Credit crisis diary: Duty rise plan scotched by oversight on VAT

Click to follow
The Independent Online

Alistair Darling may be regretting his pledge to drink only tap water during Budget statements after the fuss his latest tax move on whisky has caused. The Chancellor was forced to halve a planned 8 per cent rise in excise duty yesterday after it was pointed out that the announced cut in VAT would not, as promised on Monday, cancel out the rise in tax on spirits. But the move immediately prompted the British Beer and Pub Association to contact the Treasury, calling for "fair treatment" on beer too. The discrepancy on spirits comes about because VAT is charged on price, while duty is levied on alcohol content, so there is not an exact match. Surely an oversight Ken Clarke, who used to stay hydrated with a glass of Glenfarclas malt during Budget speeches, would not have made?

Carlos Slim makes his move on Citigroup

It was another era, another country, a different financial crisis – but a similar story of bargain-hunting. The Mexican magnate Carlos Slim built his empire out of the ashes of that country's financial chaos in 1982, snapping up downtrodden industrial companies that mean these days he tussles with Warren Buffett and Bill Gates for title of Richest Man in the World. Which was why news of his most recent ash-raking purchases flies round the globe so fast. Via his Mexican broking firm, he has spent $134m (£87m) on Citigroup shares. Maybe something can be salvaged from the blaze after all.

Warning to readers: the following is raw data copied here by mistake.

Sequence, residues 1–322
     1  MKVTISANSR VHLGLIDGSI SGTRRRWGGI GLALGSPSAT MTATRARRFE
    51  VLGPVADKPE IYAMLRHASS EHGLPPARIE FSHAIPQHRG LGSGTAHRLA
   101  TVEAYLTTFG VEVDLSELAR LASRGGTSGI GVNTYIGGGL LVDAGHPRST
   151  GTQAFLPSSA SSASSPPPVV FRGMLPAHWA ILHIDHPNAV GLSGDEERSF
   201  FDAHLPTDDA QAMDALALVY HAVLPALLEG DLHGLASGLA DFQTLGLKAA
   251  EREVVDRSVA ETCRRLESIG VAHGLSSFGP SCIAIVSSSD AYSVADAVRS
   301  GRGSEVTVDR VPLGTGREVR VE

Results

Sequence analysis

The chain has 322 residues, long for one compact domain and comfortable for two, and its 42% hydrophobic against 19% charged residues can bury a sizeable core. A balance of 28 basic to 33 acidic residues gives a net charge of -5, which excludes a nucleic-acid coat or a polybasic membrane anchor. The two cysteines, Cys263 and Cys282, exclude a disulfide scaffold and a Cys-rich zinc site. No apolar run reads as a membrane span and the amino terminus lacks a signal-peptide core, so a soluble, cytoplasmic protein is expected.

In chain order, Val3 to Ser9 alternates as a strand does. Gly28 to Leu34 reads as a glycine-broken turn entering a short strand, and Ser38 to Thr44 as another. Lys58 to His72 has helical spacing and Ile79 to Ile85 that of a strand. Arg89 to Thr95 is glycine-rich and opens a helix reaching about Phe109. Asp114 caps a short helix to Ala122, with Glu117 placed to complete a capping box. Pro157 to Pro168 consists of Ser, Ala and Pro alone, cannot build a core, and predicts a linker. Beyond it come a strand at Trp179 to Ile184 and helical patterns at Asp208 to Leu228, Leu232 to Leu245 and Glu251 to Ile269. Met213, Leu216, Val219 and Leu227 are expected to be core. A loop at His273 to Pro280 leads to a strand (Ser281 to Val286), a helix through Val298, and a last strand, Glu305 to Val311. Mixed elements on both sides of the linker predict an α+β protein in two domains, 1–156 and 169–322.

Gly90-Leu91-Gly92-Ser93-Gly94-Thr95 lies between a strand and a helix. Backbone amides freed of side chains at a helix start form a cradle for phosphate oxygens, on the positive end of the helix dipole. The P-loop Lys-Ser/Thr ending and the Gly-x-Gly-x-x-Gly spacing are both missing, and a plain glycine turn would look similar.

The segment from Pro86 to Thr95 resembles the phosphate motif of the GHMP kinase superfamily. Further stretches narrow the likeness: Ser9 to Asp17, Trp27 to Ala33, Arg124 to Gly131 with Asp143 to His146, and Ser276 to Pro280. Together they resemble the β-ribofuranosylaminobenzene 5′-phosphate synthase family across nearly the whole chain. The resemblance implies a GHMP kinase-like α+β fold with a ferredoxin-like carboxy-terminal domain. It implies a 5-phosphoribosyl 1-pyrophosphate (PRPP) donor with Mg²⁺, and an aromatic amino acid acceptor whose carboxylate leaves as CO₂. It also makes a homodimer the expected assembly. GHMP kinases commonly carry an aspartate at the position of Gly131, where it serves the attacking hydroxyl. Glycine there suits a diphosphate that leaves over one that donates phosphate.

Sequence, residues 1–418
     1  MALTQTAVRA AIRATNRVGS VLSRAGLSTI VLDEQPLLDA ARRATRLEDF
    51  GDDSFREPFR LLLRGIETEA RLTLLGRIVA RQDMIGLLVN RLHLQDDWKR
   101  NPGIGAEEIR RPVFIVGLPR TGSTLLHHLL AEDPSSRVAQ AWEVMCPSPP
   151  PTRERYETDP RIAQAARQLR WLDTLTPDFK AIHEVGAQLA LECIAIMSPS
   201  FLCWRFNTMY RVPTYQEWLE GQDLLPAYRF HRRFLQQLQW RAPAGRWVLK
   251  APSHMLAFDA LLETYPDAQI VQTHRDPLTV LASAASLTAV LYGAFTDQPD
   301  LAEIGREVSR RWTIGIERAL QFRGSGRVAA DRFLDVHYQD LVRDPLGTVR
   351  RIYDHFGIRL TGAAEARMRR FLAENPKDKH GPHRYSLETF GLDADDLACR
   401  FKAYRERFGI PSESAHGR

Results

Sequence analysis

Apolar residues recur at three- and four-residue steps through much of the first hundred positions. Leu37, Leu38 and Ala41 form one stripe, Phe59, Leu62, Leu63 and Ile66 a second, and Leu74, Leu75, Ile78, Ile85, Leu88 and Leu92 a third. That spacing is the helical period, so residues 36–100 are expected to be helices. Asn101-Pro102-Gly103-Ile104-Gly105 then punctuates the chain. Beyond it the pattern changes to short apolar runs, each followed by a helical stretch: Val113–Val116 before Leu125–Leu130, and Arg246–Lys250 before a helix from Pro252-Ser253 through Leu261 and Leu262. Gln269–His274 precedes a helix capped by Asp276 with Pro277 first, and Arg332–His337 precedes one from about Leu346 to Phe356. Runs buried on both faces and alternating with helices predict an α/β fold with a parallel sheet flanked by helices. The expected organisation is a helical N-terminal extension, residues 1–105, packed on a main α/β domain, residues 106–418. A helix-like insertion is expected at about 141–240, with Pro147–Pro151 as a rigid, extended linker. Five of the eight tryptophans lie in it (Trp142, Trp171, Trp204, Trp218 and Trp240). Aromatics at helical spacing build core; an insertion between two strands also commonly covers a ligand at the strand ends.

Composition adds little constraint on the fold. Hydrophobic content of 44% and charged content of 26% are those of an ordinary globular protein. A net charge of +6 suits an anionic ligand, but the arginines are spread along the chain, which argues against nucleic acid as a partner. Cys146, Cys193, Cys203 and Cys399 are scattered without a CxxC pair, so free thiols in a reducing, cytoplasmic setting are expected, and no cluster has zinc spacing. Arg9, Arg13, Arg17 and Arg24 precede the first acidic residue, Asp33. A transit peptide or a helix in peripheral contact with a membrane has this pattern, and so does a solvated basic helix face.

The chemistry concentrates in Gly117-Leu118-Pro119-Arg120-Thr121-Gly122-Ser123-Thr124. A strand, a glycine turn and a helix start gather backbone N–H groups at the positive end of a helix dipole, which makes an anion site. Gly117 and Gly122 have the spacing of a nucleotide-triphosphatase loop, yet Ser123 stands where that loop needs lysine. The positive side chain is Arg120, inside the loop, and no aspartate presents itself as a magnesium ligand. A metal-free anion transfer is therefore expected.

'Thinking outside the box' gets you nowhere

Note to middle managers everywhere: the hotel staff are listening in when you grandstand at those company away days. Research from Ramada Encore, the hotel chain that styles itself as "business traveller-friendly", reveals that "thinking outside the box" is the nation's most-hated piece of nonsensical business jargon. So next time you're engaged in a spot of blue-sky thinking, remember that the waiter thinks you're a prat.

Big boys of retail beaten to the punch

In the race to win the reputation for good value, John Lewis and Tesco take no prisoners, so it's no surprise that both announced they'd be offering the VAT saving early – passing it on from Friday, ahead of the cut itself which takes effect from Monday. Both, however, were beaten to it. Barker and Stonehouse, the furniture retailer, announced it had already cut prices by the full 2.5 per cent yesterday. Independent retailers can still teach the big boys a thing or two, it seems.